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Thu, 05 Oct 2023
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Earth Changes


El Nino Now Official - Possible Implications

Sea Temps
Tropical Pacific sea surface temperatures this week.

The official El Nino criteria has been met. Now the meteorological world looks to see how strong and how long this lasts. Count on CPC and other forecast centers to go for a warm winter as a result of El Nino but as we have shown, there are differences in El Ninos depending on the overall mode in the Pacific Basin (the PDO). The tropical Pacific sea surface temperatures this week are shown here.

You can see the warm plume along the tropical easterly belt along the equator. The depth cross section shows the pool of warm water that has suppressed the thermocline in the eastern Pacific.
Sea Temp
Warm plume along the tropical easterly belt along the equator.

Evil Rays

Australia: Turnbull needs to recognise the tide is turning on climate change

Malcolm Turnbull today, in the headlines for the wrong reason, does not seem to know which way to jump on climate change.

He's now floated a new strategy but the suggestions are that he doesn't have shadow Cabinet support for it.

Well, may I direct his attention to a piece in the Wall Street Journal at the end of last month.

Rick Shaffer has a television job in America called the Money Show.

He's an attorney, a graduate of Boston College and Northeastern University School of Law.

And he referred his viewers/listeners to a column that recently appeared in the Wall Street Journal pointing out and explaining the growing scepticism amongst scientists and politicians around the world, including the United States, over the accuracy of the so-called unarguable fact that global warming is occurring, is caused by mankind and can be cured by mankind.


US: Nashville Ties Or Breaks Low Temperature Record 3 Straight Mornings

Cool weather has broken a previous low temperature for July 21 in Nashville that was set when Rutherford B. Hayes was president.

When the temperature at the National Weather Service station dipped to 58 degrees at 5:30 a.m. on Tuesday, it wiped out the previous record low for the date of 60 degrees, which was set in 1877.

NWS forecaster Bobby Boyd noted it was the third consecutive morning when Nashville either tied or broke a daily low temperature record.

Temperatures were cool, but did not break records at several Tennessee cities.

Knoxville dropped to 59 degrees Tuesday morning, Chattanooga had 60 degrees, Tri-Cities recorded 58 degrees and Memphis was 69 degrees.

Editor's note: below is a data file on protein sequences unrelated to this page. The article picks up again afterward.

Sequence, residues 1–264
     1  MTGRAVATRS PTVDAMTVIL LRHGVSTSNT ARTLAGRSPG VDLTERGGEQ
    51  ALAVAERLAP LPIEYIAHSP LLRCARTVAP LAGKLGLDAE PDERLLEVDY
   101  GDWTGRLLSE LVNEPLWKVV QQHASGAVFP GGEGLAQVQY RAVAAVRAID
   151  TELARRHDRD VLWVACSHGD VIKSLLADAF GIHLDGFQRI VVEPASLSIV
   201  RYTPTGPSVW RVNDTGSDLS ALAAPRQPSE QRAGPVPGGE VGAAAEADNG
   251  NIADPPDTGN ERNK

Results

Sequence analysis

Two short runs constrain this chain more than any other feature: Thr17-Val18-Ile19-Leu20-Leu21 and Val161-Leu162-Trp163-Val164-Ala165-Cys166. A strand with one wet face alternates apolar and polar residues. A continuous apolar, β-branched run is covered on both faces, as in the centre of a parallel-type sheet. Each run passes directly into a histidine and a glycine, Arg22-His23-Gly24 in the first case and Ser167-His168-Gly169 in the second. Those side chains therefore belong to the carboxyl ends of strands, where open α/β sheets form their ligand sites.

Nashville dropped to 59 degrees early Monday and Knoxville bottomed out at 60 degrees -- both tying records for the date.

Better Earth

US: Cities take dip into low-temp record book over weekend

Omaha missed out on temperature record-setting Sunday.

Lincoln, however, had a second consecutive day of record low temperatures for July - a month more associated with sweating than sweaters.

According to the National Weather Service, a low temperature of 51 degrees at 6:15 a.m. Sunday at Lincoln Municipal Airport broke the city's 1947 record of 53 degrees.

Saturday, a temperature of 53 degrees at 6:45 a.m. at Eppley Airfield had broken Omaha's 1873 record of 57 degrees. But Omaha's low temperature of 53 degrees Sunday morning wasn't enough to break the 1873 record of 51 degrees.

Meteorologist Cathy Zapotocny of the National Weather Service's office in Valley said temperatures vary from area to area because of development and elevation. Urban areas tend to stay warmer and rural areas cooler, she said.


Republicans Demand EPA Administrator Jackson Give Full Response on Suppression of Dissent

Washington - All Republican members of the House Energy and Commerce Committee's Investigations Subcommittee, including the full committee's ranking member, U.S. Rep. Joe Barton of Texas, and the subcommittee's ranking Republican, U.S. Rep. Greg Walden of Oregon, joined Thursday in pressing EPA Administrator Lisa Jackson to explain why and how a career EPA official's views were suppressed when he questioned Democrats' policy on global warming.

Their letter marks the second attempt to get information from EPA since a series of bizarre e-mails became public and demonstrated that a long-term EPA official was ordered not only to stop dissenting, but to stop working on global warming issues altogether.

"Questions about the process and treatment of critical opinion and debate within EPA have only increased since we wrote three weeks ago," the lawmakers wrote. "Since that time, you or EPA spokesmen have issued statements at once minimizing the critical comments by a senior career employee, Dr. Alan Carlin, on the quality of the agency's basis for the proposed endangerment finding, and ignoring the substantive questions about the integrity of the EPA process raised by the alleged suppression of Dr. Carlin's report.